In the photo above, Gonzaga University’s football stadium dominates the east side of the campus. Before World War II, the university had a pretty good run as a football school. In 1920, the Jesuit school hired Gus Dorais, a legendary Notre Dame quarterback, to coach the team, especially to compete against Washington State College of Pullman. In 1922, a football stadium was built on campus. The 11,000 seats were at capacity for the WSC game. A sports writer is said to have written the Gonzaga men played like “bulldogs,” which eventually became the school’s mascot. The 1924 team sent four to the professional football league, including Houston Stockton, the grandfather of NBA great John Stockton and great-grandfather of David Stockton, current Gonzaga guard. When World War II started, football was put on hold. The last game was a 59-0 loss to Washington State in 1941. After the war, football was forgotten, and the stadium seating was demolished in 1949. Today, the Foley Center, a library, takes up much of the location of the old field.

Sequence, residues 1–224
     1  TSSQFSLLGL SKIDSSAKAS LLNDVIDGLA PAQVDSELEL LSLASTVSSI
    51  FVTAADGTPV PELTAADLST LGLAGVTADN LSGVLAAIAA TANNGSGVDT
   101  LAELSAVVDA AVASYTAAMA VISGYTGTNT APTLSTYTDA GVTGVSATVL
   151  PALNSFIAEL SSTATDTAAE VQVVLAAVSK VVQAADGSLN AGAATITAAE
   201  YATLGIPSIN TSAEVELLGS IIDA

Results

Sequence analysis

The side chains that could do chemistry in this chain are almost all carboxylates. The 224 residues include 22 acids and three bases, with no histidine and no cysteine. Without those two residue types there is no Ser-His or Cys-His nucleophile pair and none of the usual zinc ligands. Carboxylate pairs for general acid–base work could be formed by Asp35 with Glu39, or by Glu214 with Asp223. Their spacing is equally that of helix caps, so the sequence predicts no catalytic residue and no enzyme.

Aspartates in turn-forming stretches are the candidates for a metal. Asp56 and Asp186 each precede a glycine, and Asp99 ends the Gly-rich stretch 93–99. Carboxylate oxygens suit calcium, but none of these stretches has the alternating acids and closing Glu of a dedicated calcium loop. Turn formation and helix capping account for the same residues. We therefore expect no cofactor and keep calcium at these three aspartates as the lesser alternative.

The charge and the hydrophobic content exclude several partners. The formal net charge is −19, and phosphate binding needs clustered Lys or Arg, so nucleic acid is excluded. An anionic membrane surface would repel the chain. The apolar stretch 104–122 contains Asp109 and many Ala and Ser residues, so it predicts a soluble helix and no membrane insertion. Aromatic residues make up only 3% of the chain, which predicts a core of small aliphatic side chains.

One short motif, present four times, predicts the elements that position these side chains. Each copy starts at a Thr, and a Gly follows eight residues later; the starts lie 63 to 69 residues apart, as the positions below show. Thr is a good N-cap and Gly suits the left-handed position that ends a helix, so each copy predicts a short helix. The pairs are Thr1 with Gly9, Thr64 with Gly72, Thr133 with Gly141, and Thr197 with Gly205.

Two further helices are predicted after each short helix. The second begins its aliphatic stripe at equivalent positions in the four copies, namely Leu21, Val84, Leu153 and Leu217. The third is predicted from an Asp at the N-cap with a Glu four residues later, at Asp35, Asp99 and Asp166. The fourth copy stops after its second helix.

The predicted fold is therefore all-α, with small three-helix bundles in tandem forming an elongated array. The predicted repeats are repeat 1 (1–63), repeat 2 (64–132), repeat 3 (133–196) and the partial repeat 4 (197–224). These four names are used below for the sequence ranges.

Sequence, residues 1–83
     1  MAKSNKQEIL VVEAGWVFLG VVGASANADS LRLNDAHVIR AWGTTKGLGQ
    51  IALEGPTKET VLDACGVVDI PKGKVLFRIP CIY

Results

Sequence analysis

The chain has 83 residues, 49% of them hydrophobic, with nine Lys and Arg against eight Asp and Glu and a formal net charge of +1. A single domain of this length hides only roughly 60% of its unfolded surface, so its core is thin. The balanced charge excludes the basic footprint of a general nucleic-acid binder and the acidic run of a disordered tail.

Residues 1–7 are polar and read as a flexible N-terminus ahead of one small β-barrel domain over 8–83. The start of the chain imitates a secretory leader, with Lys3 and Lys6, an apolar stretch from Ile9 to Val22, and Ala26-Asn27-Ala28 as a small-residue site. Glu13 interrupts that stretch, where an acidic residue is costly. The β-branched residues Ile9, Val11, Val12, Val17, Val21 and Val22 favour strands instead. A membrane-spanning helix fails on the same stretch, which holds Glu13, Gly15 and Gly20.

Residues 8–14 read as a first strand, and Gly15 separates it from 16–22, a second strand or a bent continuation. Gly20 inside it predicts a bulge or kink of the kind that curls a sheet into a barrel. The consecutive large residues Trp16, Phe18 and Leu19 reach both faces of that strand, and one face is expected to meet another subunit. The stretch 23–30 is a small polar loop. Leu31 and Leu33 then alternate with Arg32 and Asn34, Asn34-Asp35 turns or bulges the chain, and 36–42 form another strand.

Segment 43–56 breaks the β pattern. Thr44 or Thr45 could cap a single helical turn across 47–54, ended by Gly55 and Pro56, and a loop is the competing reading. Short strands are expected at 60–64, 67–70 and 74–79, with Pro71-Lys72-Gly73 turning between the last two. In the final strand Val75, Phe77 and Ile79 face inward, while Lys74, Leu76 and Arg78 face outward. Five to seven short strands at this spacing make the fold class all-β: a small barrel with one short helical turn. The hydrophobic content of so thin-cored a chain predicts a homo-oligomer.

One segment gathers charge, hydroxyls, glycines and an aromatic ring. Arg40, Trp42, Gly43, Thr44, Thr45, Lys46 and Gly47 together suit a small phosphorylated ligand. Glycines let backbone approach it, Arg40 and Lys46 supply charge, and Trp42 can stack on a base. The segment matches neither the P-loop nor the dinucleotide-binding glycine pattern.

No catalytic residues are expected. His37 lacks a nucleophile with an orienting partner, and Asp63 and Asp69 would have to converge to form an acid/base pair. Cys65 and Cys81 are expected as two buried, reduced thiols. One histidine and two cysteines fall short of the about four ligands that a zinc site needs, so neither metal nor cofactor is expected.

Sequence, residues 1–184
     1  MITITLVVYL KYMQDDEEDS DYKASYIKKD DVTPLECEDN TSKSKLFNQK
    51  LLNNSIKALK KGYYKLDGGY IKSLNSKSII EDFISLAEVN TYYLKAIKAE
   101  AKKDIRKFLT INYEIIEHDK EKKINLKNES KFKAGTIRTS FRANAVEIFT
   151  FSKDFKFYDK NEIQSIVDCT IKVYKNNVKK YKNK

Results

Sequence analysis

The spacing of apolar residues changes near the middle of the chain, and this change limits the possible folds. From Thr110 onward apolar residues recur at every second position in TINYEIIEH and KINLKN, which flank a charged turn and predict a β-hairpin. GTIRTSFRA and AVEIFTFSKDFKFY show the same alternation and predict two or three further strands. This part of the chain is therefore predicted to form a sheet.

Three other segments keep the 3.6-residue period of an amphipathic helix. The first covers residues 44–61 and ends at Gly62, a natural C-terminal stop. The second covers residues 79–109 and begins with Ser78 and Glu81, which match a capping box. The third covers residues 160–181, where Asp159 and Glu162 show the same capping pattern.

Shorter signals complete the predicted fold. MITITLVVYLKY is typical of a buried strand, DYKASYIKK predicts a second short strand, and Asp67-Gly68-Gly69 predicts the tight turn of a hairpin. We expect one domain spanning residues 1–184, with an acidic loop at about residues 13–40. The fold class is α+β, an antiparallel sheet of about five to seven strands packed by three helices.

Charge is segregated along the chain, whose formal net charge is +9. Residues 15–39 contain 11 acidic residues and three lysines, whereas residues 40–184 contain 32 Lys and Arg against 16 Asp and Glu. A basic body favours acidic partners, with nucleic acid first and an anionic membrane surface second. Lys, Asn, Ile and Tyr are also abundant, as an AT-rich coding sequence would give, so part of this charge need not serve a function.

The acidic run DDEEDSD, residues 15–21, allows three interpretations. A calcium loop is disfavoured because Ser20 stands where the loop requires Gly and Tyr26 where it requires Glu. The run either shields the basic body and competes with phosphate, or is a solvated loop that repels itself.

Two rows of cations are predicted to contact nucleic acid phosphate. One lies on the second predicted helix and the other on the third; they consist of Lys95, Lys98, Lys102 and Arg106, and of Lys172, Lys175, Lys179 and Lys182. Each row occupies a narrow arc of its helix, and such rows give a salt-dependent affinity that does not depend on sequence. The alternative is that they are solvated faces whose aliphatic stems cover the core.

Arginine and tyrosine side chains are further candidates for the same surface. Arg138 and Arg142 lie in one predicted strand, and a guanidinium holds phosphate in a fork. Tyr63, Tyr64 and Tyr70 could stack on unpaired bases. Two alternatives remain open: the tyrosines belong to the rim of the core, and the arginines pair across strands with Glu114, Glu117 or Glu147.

Find historic photos and present-day comparisons at spokesman.com/then-and-now
1949: Gonzaga University became co-ed in 1948, a year before this photo of campus was taken. Conspicuous in the photo is the football stadium, which was demolished and is now the site of the Foley Center.
Present day: The Gonzaga University campus as seen from the air on April 19.
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